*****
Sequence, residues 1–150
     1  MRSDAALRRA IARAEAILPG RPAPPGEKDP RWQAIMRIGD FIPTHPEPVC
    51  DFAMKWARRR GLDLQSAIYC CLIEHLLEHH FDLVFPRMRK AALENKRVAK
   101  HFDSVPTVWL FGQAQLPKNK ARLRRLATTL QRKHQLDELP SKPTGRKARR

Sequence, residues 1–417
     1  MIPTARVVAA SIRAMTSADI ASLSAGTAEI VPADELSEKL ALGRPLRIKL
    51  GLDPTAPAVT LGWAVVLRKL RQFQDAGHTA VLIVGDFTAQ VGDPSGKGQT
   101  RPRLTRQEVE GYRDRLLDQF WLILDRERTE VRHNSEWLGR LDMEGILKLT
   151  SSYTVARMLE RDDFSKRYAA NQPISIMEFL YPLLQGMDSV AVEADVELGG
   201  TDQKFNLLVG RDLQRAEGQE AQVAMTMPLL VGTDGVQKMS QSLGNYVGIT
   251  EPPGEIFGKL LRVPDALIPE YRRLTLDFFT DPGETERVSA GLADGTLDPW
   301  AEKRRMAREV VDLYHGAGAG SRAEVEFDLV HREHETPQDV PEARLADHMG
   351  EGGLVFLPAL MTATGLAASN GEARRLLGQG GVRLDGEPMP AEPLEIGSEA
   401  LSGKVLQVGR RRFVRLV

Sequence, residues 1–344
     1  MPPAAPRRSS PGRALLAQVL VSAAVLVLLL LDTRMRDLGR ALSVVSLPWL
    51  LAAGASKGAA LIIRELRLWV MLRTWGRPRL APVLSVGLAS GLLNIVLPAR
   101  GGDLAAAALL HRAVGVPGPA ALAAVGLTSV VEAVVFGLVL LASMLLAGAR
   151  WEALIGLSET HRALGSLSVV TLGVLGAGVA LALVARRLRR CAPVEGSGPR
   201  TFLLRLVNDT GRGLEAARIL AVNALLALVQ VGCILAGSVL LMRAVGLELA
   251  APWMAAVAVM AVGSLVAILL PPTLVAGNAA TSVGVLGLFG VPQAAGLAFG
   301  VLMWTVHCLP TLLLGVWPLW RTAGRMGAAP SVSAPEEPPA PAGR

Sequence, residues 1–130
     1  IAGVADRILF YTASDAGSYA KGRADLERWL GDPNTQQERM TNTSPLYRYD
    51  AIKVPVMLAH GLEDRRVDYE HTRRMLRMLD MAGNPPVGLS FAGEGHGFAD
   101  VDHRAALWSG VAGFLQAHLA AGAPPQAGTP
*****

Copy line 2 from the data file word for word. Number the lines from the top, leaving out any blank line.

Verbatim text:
     1  MRSDAALRRA IARAEAILPG RPAPPGEKDP RWQAIMRIGD FIPTHPEPVC